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Resilient Property trading at a premium

Posted On Friday, 03 June 2011 02:00 Published by eProp Commercial Property News
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Resilient’s drive to become a dominant retail player in previously underserviced country areas instead of the big cities has delivered above-sector returns for investors over the past five years.


The question is whether the fund will continue its outperformance and what the growth opportunities are in nonmetropolitan areas. In the past year alone, Resilient has added three new malls to its stable, bringing its portfolio of retail centres to 25. The new malls are I’langa Mall in Nelspruit, Brits Mall and most recently Mall of the North in Polokwane.

The fund has a 60% stake in the latter and, at 75000m², Mall of the North is now Resilient’s biggest shopping centre. There are no vacancies, which is unusual for a regional mall of this size. And since it opened in mid-April, trading densities of more than R2000/m²/month on average have exceeded expectations.

“We are earning an income yield north of 10% on our investment, which is better than we expected,” says Resilient MD Des de Beer.

The fact that 25 retail brands which previously had no presence in the Polokwane area have opened shop in Mall of the North is testament to the expansion potential that nonmetropolitan areas offer retailers.

De Beers says malls in towns and rural areas are generally achieving stronger sales growth and higher trading densities than those in the big cities.

Consumer spending in these areas is driven by large populations dependent on social grants. De Beer says nonmetropolitan communities tend to have lower debt levels than city dwellers, leaving them with higher disposable incomes.

But De Beer concedes opportunities to build new malls in rural areas are becoming scarcer. It’s also becoming more difficult to obtain planning approval for new retail developments. The lead time on the Mall of the North, for instance, was more than five years.

There’s probably room for only three more metropolitan regional shopping centres in SA, typically sized between 40000m² and 80000m², says De Beer. He has plans to build two of those, one in Mpumalanga’s Burgersfort, the other in Secunda. He says the focus will shift to extending and sweating Resilient’s existing retail assets, with various extensions collectively exceeding 50000m² in the pipeline.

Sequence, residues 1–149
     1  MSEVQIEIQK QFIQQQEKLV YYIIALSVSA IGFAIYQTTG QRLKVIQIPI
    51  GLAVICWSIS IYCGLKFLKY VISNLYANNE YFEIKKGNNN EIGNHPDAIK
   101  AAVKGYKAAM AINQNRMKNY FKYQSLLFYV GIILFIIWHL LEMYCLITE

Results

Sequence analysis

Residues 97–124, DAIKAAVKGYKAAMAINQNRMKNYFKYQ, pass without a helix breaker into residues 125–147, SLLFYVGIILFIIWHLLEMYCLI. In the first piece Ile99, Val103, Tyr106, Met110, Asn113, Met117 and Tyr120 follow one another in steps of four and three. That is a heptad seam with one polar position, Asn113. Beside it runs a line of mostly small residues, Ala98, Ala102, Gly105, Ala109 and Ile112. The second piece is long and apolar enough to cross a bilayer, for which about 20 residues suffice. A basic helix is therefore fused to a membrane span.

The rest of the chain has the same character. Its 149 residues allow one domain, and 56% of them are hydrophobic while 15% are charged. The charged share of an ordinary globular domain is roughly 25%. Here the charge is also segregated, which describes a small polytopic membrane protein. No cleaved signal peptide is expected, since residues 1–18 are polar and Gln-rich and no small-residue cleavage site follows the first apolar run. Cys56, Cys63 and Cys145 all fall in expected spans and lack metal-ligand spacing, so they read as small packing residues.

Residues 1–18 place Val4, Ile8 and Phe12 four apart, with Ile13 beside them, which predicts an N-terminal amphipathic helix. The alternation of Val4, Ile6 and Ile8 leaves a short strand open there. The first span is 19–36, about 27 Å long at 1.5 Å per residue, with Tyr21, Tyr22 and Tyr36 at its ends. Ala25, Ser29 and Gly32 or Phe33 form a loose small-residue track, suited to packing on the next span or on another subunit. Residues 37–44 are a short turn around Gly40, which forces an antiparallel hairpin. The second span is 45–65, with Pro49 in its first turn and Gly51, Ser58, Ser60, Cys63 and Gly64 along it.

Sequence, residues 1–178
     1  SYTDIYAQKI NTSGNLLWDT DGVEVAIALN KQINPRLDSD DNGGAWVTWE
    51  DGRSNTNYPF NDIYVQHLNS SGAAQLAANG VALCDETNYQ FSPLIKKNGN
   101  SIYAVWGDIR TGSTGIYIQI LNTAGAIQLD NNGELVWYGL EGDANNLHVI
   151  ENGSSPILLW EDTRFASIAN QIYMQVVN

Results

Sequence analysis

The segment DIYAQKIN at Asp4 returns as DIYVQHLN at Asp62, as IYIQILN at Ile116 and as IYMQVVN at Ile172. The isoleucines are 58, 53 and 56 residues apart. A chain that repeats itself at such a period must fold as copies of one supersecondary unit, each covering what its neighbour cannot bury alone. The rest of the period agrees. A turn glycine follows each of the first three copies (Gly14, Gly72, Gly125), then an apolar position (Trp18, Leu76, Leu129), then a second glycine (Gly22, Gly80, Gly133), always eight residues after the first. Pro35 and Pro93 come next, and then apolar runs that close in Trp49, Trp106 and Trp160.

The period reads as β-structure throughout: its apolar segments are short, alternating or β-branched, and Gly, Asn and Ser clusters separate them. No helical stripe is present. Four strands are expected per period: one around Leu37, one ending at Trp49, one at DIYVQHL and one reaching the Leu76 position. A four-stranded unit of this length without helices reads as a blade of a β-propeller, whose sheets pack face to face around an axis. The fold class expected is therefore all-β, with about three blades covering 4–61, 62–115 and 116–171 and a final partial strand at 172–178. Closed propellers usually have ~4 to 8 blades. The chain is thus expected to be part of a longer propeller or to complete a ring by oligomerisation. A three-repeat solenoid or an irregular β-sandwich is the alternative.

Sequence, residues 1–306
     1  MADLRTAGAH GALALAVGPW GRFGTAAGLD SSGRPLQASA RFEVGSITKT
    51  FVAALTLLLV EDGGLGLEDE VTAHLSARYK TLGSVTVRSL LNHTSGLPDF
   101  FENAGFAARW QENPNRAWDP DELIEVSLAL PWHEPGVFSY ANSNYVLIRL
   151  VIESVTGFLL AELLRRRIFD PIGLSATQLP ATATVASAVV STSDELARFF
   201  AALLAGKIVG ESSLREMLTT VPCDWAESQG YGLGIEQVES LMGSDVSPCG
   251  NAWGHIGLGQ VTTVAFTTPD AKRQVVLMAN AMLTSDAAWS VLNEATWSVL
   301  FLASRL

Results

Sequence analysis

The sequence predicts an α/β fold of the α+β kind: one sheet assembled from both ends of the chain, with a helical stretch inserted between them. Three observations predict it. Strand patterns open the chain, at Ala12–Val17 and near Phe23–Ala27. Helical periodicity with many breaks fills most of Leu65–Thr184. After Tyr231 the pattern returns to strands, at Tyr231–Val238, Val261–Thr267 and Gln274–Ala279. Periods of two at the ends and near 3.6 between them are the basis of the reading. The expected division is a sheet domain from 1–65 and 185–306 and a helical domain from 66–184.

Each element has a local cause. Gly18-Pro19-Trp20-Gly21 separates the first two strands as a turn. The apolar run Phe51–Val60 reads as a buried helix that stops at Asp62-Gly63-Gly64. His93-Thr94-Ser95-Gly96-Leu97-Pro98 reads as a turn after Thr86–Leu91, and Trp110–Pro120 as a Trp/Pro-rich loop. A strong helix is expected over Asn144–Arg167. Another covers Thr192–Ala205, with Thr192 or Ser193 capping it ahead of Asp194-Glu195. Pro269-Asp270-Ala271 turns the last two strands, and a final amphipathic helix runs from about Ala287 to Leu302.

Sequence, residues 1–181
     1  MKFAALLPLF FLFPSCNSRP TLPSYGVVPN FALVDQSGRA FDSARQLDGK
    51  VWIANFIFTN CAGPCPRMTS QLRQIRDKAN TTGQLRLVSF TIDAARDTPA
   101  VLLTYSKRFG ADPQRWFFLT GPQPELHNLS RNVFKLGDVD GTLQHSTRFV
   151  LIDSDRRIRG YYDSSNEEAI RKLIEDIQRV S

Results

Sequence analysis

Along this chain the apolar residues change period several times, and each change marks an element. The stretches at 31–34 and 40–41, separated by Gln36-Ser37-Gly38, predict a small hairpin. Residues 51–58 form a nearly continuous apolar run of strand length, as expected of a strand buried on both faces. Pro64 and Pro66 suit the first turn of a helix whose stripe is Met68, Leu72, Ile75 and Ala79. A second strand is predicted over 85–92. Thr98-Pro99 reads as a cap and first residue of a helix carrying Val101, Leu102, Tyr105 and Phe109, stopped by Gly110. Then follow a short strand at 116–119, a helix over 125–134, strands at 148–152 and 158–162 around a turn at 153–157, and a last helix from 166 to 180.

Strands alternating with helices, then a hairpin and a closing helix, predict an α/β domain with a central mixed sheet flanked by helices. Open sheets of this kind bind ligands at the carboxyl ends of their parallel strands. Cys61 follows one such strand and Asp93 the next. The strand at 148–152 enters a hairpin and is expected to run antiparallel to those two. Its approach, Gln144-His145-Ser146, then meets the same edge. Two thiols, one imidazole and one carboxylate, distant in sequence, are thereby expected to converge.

Analysts welcome Resilient’s continued focus on nonmetropolitan retail but some have downgraded the stock in recent weeks, saying it is looking expensive.

Macquarie First South Securities property analyst Leon Allison says though growth in income distributions of 9,1% for 2010 is still robust, the growth gap between Resilient and the sector is narrowing. “Resilient’s growth has been slowing more sharply than the sector, admittedly off a higher base. In the past two years distribution growth has halved, from 18% to 9%, with a further marginal slowing expected near term.”

Allison says management’s forecast growth of 8% for 2011 is lower than his original forecast of 9,2% and only slightly ahead of the sector’s forecast of around 7%. “Yet Resilient continues to trade at a premium, with a current forward yield of 7,7% versus 8,6% for the sector, which we believe is too wide.”

However, Grindrod Asset Management chief investment officer Ian Anderson believes the premium is justified. “Resilient always looks a bit expensive. But it always delivers superior performance.”

Last modified on Friday, 25 April 2014 19:46

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